Morality was a dominant theme in the 1990s, but concerns about morality seem omnipresent in the first years of the third millennium. The year 2002 witnessed the greatest corporate scandals ever seen in the United States, with immense impact financially and in human terms. Sex scandals were pervasive among Catholic priests in the United States, disrupting the lives of thousands of abused children. In Scandinavia, moral debates and scandals are of a smaller magnitude, and more often related to questions about the handling of money by politicians.
This volume takes an overarching look at the impact of such moral questions in the Nordic countries. Its approach is multi-disciplinarian, embracing philosophy, history, sociology, and political science. Based mainly upon a survey of representative samples in Denmark, Finland, Norway, and Sweden, this unique study combines interview questions on crime and justice with moral questions concerning equality, confidence, tolerance, and also personal, social, religious, political, and national values. Bondeson first discusses the Nordic countries from a historical perspective and in statistical terms. She then presents interview data on the general sense of justice in Nordic countries, in particular exploring how much social and legal equality the Scandinavians have achieved in their welfare states. She touches upon criminal behavior and victimization, and discusses crime prevention and punishment. Bondeson also reviews the problems and methods of the study. Finally, she adds depth to the statistical analysis by using a number of indexes of morality. A trend analysis illustrates the stability of these attitudes over time.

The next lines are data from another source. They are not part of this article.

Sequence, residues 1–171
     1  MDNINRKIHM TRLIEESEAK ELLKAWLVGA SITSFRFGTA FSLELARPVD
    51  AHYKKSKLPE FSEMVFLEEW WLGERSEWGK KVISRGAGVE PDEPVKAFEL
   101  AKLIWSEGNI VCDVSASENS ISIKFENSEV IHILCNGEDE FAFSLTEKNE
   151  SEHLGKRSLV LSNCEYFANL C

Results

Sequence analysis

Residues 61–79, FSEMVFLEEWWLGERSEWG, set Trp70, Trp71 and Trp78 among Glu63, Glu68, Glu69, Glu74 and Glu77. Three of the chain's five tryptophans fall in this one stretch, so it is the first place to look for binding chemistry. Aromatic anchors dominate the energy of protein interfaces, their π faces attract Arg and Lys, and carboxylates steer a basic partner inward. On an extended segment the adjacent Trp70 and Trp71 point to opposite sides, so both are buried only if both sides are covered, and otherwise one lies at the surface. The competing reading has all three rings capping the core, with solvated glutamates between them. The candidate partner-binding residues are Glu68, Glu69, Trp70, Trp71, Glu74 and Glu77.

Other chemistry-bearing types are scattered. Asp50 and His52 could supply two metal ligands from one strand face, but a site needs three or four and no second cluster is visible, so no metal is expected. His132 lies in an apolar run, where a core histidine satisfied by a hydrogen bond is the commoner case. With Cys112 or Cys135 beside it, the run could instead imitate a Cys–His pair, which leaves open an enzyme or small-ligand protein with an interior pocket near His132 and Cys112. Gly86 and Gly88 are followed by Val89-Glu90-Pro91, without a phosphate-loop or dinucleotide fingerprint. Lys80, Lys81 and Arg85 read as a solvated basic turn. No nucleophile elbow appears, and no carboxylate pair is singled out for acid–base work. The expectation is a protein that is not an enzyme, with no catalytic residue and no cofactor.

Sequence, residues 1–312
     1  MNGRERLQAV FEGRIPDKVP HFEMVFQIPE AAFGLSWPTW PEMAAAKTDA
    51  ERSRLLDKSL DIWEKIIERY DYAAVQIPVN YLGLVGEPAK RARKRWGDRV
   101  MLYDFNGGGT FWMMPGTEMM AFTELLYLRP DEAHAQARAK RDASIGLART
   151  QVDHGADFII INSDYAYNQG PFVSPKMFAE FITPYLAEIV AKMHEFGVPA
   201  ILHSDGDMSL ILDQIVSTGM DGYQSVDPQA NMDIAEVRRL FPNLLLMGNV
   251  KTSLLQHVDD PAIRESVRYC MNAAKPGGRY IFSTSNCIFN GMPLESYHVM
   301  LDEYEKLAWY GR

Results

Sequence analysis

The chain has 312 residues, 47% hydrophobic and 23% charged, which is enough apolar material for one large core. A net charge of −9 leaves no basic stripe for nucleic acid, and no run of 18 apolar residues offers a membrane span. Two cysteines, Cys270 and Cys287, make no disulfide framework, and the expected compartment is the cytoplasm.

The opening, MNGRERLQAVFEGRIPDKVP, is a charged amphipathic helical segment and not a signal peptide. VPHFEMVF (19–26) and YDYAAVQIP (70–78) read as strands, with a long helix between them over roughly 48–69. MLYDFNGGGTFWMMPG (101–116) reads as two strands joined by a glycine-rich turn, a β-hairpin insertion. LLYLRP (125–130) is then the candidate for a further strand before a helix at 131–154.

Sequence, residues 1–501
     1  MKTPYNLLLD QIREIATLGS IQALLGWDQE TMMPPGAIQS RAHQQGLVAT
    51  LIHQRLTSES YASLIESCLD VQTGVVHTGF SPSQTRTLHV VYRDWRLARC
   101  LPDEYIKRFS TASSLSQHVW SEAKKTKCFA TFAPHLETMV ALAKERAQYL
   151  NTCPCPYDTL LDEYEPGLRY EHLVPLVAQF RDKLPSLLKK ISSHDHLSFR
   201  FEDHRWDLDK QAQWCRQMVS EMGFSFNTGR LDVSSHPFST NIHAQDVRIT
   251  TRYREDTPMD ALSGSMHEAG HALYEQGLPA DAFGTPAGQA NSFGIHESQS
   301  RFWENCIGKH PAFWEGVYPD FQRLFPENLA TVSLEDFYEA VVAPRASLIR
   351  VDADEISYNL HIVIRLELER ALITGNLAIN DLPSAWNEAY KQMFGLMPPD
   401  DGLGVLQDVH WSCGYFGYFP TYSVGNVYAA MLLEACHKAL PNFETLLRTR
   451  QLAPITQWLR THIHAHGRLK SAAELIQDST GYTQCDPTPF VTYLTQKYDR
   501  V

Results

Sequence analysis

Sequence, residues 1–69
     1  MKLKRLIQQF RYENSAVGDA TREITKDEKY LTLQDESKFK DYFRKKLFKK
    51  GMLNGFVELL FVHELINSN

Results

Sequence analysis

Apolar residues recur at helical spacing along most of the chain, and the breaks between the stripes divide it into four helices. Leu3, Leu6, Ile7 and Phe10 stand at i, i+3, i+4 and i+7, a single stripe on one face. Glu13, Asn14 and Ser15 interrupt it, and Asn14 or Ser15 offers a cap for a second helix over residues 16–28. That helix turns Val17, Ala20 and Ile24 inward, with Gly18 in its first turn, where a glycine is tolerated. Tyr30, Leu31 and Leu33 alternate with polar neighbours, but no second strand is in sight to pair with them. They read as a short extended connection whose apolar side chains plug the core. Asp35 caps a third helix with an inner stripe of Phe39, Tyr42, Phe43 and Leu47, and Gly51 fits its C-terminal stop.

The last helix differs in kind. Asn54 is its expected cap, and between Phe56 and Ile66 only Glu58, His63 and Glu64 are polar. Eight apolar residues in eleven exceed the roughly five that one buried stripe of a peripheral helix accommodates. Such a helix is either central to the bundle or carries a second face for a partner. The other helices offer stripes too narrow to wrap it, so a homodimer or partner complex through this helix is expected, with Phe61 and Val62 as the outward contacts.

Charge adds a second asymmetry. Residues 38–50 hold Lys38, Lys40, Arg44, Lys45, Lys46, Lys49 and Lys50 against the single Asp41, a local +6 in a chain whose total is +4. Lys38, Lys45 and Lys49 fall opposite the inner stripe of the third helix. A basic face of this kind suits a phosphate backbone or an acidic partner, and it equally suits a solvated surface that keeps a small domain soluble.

Nordic Moral Climates is an original empirical study of moral values in Scandinavia. It is one of the few comprehensive studies on this subject conducted in any nation or group of nations. The book will be of great interest to criminologists, sociologists, and social theorists.